one unique heart
with a one-on-one mission
No one else has the heart of a nurse. They work in the trenches of medical care, cleansing and wrapping wounds and performing countless other less-than-aesthetic tasks to improve their patients’ health and comfort. But they do much more than that. They smooth sheets. They dispel fear. They smile. They listen.
Registered nurse graduate Nikki Mann is a nurse practitioner, and wouldn’t trade her job for any other. But hers is unique, because it fulfills her dream of making house calls to homebound elderly patients.
After completing her RN at USF in 2003, she qualified for the prestigious graduate school program at St. Louis University, completing her master’s degree as a geriatrics nurse practitioner in January 2007. Spending nearly four years as an extended care specialist with a skilled care and retirement community in Fort Wayne, she got to know the residents and the unique situations involved in geriatric care. But she wanted more. More contact. More control. More compassion.
“I always wanted to make house calls, and when I mentioned it, one doctor laughed at me. But I really wanted to bring that back,” she said. “Geriatric patients have so many unique issues impacting their health, and I wanted to make some decisions of my own for my patients.”
She eventually met collaborating physician Dr. Jerry Michael Benfield. He had observed emergency admissions of homebound patients whose conditions had deteriorated. The needless and costly suffering sparked his business idea of making house calls to homebound elderly patients. He created MD2U, for which Mann now operates a satellite operation in Fort Wayne.
She made her first MD2U patient visit on Sept. 1, and loves it. Traveling to patients simplifies the process and creates lower overhead so she can spend more time with each patient. “Seeing 30 to 40 a day is too many. There’s no time to really look at the big picture. I see a maximum of 10 patients a day and can spend up to an hour with each of them. We talk about a lot more than medicine. We talk about families, pets, kids and what’s going on. It’s socialization for them,” Mann said.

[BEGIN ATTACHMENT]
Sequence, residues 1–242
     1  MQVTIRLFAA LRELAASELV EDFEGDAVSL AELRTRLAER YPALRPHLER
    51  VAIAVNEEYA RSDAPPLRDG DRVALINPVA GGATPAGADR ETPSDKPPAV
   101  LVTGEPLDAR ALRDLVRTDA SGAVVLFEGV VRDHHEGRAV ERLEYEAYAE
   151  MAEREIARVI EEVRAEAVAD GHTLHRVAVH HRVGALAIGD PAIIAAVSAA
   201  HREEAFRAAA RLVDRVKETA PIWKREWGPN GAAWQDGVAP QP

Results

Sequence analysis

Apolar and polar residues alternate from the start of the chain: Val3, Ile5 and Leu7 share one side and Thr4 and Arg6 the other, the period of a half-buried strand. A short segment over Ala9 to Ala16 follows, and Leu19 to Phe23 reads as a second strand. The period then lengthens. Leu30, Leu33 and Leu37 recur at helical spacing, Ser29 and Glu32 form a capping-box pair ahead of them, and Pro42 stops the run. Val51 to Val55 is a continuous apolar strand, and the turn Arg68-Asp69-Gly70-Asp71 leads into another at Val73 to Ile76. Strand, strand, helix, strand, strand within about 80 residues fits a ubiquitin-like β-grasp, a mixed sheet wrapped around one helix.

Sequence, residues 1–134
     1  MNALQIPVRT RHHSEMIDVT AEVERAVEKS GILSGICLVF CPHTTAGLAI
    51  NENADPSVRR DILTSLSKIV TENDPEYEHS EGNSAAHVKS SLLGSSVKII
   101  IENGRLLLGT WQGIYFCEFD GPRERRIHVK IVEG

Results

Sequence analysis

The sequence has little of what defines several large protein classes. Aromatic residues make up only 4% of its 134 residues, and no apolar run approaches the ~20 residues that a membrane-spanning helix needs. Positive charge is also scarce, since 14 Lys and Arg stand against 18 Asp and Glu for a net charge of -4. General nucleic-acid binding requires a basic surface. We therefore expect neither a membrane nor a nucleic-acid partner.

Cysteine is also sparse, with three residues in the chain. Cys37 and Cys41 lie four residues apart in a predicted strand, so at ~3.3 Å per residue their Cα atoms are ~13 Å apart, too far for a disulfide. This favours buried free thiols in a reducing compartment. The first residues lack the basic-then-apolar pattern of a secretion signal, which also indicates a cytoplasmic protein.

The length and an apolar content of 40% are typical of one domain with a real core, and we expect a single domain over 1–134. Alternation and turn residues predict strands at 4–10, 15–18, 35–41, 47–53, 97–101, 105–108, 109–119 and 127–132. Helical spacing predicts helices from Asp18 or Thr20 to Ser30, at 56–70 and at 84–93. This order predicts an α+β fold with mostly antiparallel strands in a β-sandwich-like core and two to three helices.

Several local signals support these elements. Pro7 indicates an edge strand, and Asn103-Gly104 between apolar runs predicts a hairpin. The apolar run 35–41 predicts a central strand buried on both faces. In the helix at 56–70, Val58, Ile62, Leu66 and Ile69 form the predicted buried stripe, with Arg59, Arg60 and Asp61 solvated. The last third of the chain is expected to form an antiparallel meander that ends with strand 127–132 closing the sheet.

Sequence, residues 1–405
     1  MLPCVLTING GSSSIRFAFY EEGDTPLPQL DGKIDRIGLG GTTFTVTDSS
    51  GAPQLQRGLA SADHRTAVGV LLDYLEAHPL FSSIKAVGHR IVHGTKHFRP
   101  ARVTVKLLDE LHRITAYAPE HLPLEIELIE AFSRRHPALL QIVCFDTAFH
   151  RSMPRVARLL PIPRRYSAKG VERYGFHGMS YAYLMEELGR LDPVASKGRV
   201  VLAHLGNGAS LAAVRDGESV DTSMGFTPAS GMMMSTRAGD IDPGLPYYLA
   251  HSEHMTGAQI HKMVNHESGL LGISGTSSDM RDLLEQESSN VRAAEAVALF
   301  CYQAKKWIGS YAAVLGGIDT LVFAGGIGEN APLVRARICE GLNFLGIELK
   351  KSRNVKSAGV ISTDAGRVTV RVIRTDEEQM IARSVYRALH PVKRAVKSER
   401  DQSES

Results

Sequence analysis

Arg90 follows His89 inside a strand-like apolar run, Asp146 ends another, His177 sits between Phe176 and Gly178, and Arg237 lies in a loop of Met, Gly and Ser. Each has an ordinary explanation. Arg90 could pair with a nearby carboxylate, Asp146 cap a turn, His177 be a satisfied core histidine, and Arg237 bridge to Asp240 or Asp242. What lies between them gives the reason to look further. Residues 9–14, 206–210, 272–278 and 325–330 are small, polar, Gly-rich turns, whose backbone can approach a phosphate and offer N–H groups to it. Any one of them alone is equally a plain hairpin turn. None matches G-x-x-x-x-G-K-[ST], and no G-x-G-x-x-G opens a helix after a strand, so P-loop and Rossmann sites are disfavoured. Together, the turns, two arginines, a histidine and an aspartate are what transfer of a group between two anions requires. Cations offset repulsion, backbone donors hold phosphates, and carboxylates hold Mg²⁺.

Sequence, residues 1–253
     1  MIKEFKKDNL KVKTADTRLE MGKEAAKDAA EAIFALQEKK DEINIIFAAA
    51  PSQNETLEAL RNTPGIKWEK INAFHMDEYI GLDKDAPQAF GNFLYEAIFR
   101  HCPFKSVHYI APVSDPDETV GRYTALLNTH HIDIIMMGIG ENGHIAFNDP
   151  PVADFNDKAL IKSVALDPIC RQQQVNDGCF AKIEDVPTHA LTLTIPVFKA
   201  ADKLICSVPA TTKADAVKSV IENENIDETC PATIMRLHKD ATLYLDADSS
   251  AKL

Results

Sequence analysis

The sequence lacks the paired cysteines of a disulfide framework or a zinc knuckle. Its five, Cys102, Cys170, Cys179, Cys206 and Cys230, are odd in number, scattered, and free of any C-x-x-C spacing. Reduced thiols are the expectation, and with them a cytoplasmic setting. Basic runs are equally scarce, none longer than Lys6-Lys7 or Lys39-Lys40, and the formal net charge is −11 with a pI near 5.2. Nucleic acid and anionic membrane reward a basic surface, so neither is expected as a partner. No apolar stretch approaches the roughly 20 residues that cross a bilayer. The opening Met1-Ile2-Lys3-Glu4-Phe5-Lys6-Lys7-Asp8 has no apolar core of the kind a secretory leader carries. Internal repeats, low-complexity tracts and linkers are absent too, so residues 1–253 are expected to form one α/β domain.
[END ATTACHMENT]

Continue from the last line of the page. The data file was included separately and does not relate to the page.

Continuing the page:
She also gained her longed-for control. “Nurse practitioners can do so much,” she said. “We can diagnose and prescribe and refer to specialists. The nursing model is more holistic regarding patient care. It includes the mental, emotional and psycho-social aspects.”
Each visit responds to unique needs. “I can see the home and what they’re eating. I can look at their meds and call to see if they’re filling their prescriptions. It’s like a private case statement,” she said.
A close relationship with her grandmother helped create the special place in her heart for the elderly. “Given a choice between a younger and older patient, I would prefer caring for an older patient any day. There is a huge difference between younger and older populations. My patients are so grateful for my help, even if I can’t do anything to change their condition,” she said.
She takes their suffering personally. Her eyes welling with tears, she recalls her first house call. “My first patient moved here from out of state with advanced Alzheimer’s Disease. She’s on hospice care now. When the family looked at me and asked if they were doing the right thing by keeping her at home, I could look them in the eye and say yes, absolutely, she would have died by now otherwise. It’s hard to let them go, but she’s home and not in pain. This is right. This is how it should be,” she said.
Another, a 90-year-old, has also stayed in her home, with Mann’s help. “She’s had a few setbacks, but she’s happy, at home, loves her cat, does her thing and doesn’t want or need a nursing home.” Still another survived cancer and now is caretaker for her husband. “Older people just don’t give up,” Mann said.
Jane Love, in her late ’80s, is wheelchair-bound with arthritis. She loves her caregiver. “Nikki has seemed like one of my granddaughters,” she said. “It is just absolutely wonderful. I hear of other women who have trouble getting an appointment with their doctor. She has so much more time for me.”
Mann applies a quiet, simple philosophy to her much-loved and aged patients. “The house call is meant for the nurse, I think,” she says.
Read more stories like this in the Winter 2012 Magazine
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